Saturday, 6 April 2019
A Bothy Sleepover.
Most people have at least heard of the word Bothy, but whenever I talk about the idea of bothies to non outdoorsie people, they always for some reason think of a pub. (I mean there is no doubt that there is a lot of pubs in Scotland with the word Bothy in the name!)
So what is a Bothy?
It's a dwelling that can be used for free, by anyone. You get them all over the UK, in remote areas. They offer refuge for a night, or a few. They are particularly good for stormy weather if your stuck in the middle of nowhere, and loads of people tour the country with the purpose of visiting as many of these bothies as possible, and after my first night in one I can honestly understand why.
My first ever Bothy, I am told, was a pretty cushy one. (I can't disclose the location, as this is the owners wish.)
My first ever Bothy sleepover was with University. (That's right, my degree is amazing and I get to do things like go on Bothy trips!) We are studying a module called "Residential Outdoor Education," so it seemed right that we experience a night away, and only a few of us had ever experienced a bothy.
So after a day full of classes, we headed up the mountains. We started walking at about 5ish, the sun set as we were walking and the torches went on. The temperature dropped rapidly but I didn't feel it until we were nearly there. (Uphill walks really make my body work, and my Asthma was not enjoying it!)
Walking in the night has a sort of weird feeling to it, it was beautiful, and the stars where out in force. But you also can't see very far other than the view of your head torch, so in that sense it can be really eerie. As we were walking up, we could hear this loud noise that is similar to thousands of bugs crawling, that real beetle-y noise. We turned our heads, ( and torches) to where the noise was coming from and there was a flock of sheep squelching through the mud.
The higher we got, the icier it got. At a few points the path was literally like an ice rink, and we had to bounce through the heather instead, and after jumping across a little stream, sliding across an iced over bridge, going through a fence, and about four hours of walking, we reached the Bothy. By that point it was about 8/8.30ish. I was exhausted and hungry. The Bothy was a lovely sight. The Bothy itself was beautiful, a fire, tools to use if we needed it, beds, books, pans, everything you needed for a comfy stay. It felt like going back into a time where technology didn't exist, something that I never expected to be relaxing but was the biggest weight off my shoulders I've had in a long time.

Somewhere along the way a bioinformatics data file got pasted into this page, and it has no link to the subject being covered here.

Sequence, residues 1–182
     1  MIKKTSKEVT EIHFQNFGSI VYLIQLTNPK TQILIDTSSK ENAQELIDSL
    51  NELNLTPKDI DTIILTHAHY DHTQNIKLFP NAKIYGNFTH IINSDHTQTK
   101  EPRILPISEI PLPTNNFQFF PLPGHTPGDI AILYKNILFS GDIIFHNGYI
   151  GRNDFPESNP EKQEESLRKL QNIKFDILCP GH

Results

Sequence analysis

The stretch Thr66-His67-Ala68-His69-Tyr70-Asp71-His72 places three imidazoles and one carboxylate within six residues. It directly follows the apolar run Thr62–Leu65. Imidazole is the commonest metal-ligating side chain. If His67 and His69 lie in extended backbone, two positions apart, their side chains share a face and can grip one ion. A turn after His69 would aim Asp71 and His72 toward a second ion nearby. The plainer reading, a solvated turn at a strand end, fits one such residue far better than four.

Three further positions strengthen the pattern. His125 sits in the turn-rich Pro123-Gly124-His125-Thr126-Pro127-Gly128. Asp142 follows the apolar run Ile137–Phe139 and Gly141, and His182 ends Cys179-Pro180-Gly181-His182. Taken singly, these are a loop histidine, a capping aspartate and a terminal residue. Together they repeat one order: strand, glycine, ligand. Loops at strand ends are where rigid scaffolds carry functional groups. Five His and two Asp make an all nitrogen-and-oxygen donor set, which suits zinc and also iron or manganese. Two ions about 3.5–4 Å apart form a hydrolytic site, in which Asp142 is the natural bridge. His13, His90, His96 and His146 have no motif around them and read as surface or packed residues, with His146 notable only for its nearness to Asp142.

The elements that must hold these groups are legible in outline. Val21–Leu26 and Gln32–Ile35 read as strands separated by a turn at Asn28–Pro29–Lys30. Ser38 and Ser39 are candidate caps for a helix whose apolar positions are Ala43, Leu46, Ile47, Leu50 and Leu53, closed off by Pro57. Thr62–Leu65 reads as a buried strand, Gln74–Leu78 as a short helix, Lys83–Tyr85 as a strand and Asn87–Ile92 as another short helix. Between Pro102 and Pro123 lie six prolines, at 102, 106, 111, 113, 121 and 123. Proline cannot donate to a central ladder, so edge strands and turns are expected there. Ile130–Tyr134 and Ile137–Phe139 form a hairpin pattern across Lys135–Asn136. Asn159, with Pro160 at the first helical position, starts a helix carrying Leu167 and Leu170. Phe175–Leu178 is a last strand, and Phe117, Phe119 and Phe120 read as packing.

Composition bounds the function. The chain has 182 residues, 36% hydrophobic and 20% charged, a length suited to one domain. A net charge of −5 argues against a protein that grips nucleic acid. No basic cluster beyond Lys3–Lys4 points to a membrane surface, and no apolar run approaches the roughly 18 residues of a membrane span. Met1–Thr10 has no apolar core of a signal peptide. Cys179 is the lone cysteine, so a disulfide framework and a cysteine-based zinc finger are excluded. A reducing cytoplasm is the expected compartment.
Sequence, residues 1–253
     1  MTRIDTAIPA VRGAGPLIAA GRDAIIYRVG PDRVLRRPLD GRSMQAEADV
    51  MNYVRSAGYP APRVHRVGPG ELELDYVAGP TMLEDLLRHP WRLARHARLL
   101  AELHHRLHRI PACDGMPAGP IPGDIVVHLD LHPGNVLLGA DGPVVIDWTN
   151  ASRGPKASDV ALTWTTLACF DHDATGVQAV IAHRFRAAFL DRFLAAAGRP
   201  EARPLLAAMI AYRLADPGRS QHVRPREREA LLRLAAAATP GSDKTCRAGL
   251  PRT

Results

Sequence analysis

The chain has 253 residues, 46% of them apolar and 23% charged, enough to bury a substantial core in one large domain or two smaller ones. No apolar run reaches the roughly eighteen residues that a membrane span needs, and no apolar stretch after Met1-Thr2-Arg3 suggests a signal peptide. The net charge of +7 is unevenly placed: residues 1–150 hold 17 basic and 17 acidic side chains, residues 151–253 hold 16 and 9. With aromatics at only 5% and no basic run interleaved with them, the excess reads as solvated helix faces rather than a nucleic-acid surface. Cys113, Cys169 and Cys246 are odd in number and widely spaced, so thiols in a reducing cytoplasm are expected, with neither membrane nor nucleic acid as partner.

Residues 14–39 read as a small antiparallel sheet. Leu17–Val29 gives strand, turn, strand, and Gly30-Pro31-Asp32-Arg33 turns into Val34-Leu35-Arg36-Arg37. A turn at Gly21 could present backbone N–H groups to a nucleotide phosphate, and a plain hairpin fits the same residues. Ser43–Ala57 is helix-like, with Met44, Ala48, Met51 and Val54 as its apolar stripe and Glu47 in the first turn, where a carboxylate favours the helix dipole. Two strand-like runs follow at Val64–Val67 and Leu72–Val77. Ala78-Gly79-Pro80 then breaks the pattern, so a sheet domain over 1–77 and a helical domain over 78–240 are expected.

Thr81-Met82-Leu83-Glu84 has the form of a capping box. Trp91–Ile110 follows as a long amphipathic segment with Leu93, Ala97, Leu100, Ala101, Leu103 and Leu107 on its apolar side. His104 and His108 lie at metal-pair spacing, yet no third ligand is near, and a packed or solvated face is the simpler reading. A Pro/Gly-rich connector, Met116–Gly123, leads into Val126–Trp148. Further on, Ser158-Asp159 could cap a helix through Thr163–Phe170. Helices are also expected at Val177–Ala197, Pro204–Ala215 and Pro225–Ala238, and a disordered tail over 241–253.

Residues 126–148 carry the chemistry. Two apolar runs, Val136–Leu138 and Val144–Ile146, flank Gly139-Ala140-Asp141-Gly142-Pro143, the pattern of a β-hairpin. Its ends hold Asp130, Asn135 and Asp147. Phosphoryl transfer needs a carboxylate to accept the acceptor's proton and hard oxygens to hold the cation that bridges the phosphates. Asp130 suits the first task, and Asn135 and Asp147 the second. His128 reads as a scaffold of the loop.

We got the fire going, and we ate.
It was at that point I realised that I actually couldn't keep my eyes open. As soon as I stopped being on the go my energy was just gone. Everyone else was suggesting a game of cards against humanity, which I desperately wanted to play, but I fell asleep. As I was asleep, my class continued their game of cards against humanity. I'm told it was a good game. I didn't even hear them. (I normally can't sleep through any noise, never mind 8 people playing a game.) I must have been exhausted.
Fast forward to 5 am, the impending need to pee, and the sound of heavy rain pelting the windows. The last thing I wanted to do was go outside, ESPECIALLY for that kind of need. We'll skip the rest of that part of the story!
8 am, and we're on our way down. The rain is still pelting down, and we have 2 hours to get to the bus. It should be possible, we're going downhill this time. The ice is still there on the path, now with a lovely fresh layer of water, just for added excitement and sense of danger. The lower we got, the muddier it got. At one point I slipped and twisted my ankle, which hurt for about 2 seconds in the classic twisting-of-the-ankle way, so I kept walking. It wasn't until I got home I realised that I had properly hurt it. (2 weeks, and an x-ray later, I found out I had sprained my ankle!) But we had managed to make it down, 5 miles, in 2 hours. The bus had never felt so good, despite the fact that we were all sitting there in our own personal puddles.
I'm really excited to try out more bothies. I've got a few on a list that I want to go to next. The whole idea that there are places that people can use for free, for refuge, is lovely. It really reminds me how good humanity can be sometimes. And even better, when you're there, it's just you and the hills!
Anyway, until next time.
Your Adventurous Introvert!